Monday, November 27, 2017

Thoughts on Writers

I went to the Wollongong Writers Festival, Sexy Words panel, yesterday. It's my local festival, or at least the closest one to me, and they have a romance panel supported by ARRA (Australian Romance Readers Association), which is a great thing. Not many writers festivals include romance, so I like to support it.

For a long time, I've been trying to work out what Indie authors (independent authors; those who self publish first and foremost, even if they may be published by a publisher later on) do that's different (and often more successful) to the more 'traditional' authors, and yesterday I think I had a brain break through. Although, it may be baloney!

This wasn't just because of the panel yesterday - it's the synthesis of years of puzzling, and the case of things falling into place yesterday. It may have been because of the questions, the answers, the authors, or it may just be that acupuncture is working, my viruses are no longer winning, and I'm starting to feel alive again (thank heavens!)

In a nutshell, this is what I'm now thinking - 

Traditional authors - those with a publisher, including hybrids (those who publish by self and with a publisher) - are marketing a product. Indie authors are marketing themselves.

I'm going to give grand generalisations here, and although I know generalisations aren't right, they're the only way I can illustrate these points in a short post, and because not everyone falls into these 'categories'. I also can't give any details because after collecting thoughts over the last few years, I've no idea who I can attribute these things to any more. 

Traditionally, authors have been those who write a creative work that's the 'best they can do at the time' and they keep writing more stories, trying to perfect the craft of writing. Publishers have 'standards' which authors are trying to meet, to attain publication. Having one book accepted is no guarantee that another book will meet the same standards.

So, those authors who follow the traditional method, and are looking for a publisher's 'validation' are selling a product and trying to make that product the best they can create. They also follow some sort of 'rules' to meet these 'criteria' - although these are rather nebulous.

Indie authors have a different mindset, as far as I can work out. [Please remember, vast generalisations and since I'm not Indie, I have no way of knowing if I'm correct here.] Indie authors are selling themselves. Their books are them, their life, their fantasies, their struggles, their dreams. They aren't looking to attain any standard, they're writing purely for themselves and their friends (and their readers become their friends).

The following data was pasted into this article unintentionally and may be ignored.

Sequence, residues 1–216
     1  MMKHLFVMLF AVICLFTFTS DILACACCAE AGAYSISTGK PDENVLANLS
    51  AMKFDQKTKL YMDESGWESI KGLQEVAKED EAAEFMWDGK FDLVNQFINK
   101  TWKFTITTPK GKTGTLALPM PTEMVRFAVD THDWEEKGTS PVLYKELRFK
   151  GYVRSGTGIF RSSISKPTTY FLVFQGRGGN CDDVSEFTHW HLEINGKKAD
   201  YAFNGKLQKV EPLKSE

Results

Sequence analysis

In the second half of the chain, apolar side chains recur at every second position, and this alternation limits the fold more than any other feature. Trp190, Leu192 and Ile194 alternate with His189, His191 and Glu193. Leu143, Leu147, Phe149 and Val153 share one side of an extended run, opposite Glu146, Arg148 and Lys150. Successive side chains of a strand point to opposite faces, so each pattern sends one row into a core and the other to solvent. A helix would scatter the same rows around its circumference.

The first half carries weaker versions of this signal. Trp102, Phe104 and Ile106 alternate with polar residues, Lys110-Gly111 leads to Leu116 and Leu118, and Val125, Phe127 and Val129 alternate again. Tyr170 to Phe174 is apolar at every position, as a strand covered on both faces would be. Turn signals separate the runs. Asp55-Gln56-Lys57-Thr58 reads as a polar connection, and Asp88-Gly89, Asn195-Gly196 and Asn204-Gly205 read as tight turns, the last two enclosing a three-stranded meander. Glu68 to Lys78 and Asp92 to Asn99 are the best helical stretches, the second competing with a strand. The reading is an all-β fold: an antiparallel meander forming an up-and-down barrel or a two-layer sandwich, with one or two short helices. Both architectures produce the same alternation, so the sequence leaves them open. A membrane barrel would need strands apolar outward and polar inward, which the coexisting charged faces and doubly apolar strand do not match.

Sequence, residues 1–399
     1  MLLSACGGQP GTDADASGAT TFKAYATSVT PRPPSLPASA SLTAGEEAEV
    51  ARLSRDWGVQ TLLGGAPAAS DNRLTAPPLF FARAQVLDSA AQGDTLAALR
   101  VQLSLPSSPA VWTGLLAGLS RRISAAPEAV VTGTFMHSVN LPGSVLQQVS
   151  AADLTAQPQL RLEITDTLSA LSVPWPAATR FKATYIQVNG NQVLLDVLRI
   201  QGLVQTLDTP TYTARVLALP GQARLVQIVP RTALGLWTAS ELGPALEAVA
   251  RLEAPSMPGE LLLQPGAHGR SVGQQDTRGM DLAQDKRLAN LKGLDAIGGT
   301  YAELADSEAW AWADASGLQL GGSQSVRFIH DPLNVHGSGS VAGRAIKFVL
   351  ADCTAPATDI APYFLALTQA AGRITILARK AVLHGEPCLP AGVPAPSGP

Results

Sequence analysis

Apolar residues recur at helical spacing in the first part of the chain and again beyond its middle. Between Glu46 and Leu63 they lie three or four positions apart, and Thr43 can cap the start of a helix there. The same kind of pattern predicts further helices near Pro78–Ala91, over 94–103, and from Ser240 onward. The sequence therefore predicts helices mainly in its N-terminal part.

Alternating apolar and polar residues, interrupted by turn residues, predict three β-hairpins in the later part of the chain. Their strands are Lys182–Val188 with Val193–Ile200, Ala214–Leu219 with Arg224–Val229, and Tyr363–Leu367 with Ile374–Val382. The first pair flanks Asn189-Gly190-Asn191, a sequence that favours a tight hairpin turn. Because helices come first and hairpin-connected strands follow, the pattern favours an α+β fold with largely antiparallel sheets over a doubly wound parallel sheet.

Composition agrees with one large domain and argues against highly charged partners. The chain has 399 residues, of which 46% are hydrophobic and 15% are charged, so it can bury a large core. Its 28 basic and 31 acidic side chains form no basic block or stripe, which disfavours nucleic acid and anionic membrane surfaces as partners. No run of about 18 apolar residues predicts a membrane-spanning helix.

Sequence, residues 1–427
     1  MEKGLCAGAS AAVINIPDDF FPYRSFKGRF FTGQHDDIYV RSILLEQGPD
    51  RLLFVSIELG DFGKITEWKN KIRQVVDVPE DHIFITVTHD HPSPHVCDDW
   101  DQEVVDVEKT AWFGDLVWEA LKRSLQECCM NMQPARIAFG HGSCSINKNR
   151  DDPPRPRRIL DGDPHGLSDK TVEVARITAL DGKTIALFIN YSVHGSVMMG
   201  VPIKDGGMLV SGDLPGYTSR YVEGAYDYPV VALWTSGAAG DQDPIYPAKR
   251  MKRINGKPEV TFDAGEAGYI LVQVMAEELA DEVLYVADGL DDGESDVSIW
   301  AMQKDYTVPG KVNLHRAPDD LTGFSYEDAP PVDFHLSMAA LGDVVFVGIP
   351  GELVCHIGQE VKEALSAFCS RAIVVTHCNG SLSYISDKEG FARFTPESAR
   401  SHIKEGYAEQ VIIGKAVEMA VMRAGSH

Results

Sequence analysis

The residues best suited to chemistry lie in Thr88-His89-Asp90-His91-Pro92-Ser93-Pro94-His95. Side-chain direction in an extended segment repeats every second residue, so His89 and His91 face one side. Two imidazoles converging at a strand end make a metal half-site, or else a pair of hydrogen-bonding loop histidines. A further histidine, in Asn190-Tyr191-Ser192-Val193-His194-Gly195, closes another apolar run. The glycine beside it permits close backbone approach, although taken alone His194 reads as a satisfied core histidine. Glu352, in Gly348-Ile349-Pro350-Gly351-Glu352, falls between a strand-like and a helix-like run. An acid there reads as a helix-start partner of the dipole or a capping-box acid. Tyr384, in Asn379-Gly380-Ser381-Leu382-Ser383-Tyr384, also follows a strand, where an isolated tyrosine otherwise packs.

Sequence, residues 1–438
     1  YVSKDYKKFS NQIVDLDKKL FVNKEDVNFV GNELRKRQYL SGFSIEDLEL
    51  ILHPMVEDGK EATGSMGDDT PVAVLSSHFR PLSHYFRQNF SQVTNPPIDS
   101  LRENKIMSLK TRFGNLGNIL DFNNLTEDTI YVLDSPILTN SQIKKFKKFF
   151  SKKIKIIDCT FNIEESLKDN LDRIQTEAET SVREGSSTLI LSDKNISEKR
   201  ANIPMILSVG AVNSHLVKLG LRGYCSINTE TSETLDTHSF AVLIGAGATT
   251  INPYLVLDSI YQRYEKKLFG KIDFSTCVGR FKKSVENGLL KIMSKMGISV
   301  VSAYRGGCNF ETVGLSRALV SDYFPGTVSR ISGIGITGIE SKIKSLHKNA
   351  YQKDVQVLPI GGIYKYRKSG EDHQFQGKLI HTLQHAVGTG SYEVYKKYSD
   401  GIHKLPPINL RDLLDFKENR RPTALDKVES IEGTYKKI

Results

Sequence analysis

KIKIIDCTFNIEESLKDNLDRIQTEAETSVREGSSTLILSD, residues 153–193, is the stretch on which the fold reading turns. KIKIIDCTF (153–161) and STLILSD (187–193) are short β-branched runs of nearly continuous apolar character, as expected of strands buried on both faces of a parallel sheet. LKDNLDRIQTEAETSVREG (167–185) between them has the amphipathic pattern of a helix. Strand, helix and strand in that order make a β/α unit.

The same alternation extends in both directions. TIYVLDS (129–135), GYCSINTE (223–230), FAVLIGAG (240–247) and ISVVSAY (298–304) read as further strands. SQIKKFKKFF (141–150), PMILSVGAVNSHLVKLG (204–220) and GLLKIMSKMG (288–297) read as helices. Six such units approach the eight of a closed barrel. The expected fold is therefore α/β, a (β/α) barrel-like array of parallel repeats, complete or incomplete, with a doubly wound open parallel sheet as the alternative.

Where publishers caution you not to reply to reviews, Indie authors are in there, having robust discussions about their books, telling readers/friends where the stories developed and how they know that what they did is right for their story, their characters (or accepting if they made an error).

Indie authors share the process. Traditional authors are wrapped up in secrecy because of contracts.

Where traditional authors are hesitant and not sure of their work; Indie authors have written a fantastic story and they love every single word of it.

Publishers encourage you to have a social media presence, but you're a business. Indie authors have a social media presence that is them, no holding back.

The Indie phenomenon has turned the creation and sale of stories on its head.

For a long time, I could see extrovert/introvert. But that's too narrow a focus. All Indies aren't extroverts, in the same way that all traditionalists aren't introverts. So I think I've come a long way past that now. I'm getting a bigger and better understanding of the difference.

And... yet... even as I know this, I don't think I can change me.

I'm an introvert. I value privacy, but my family values it more highly than I do. I'm also notoriously bad at sharing me, but especially when I'm vulnerable. For example, I wrote about my sickness when I was getting better. There is no way I could have said that I was sick, when I was really ill. I curl into a ball when I'm sick, and to have others poke at me even with the best of intentions, isn't something I can cope with. I hardly let Mr E bring me a glass of water, much less have other people offer me kindness.

So, although I've had this revelation about how I can interact more with readers and hence have better reader relationships and sales, it's not something I can possibly do.

But, I will try to change. I'll try to be proud of what I've produced - instead of thinking I can do better. I will try to share more of me. I will try to interact more.

And if you prod me when I forget these things, I won't growl :) I'll try hard to feel the poke as a loving reminder that I'm falling into old habits.

Writing Festivals bring about some very unusual thoughts! I love them :)

How do you feel about Writing Festivals?
What are your thoughts on Indie and traditional published authors?

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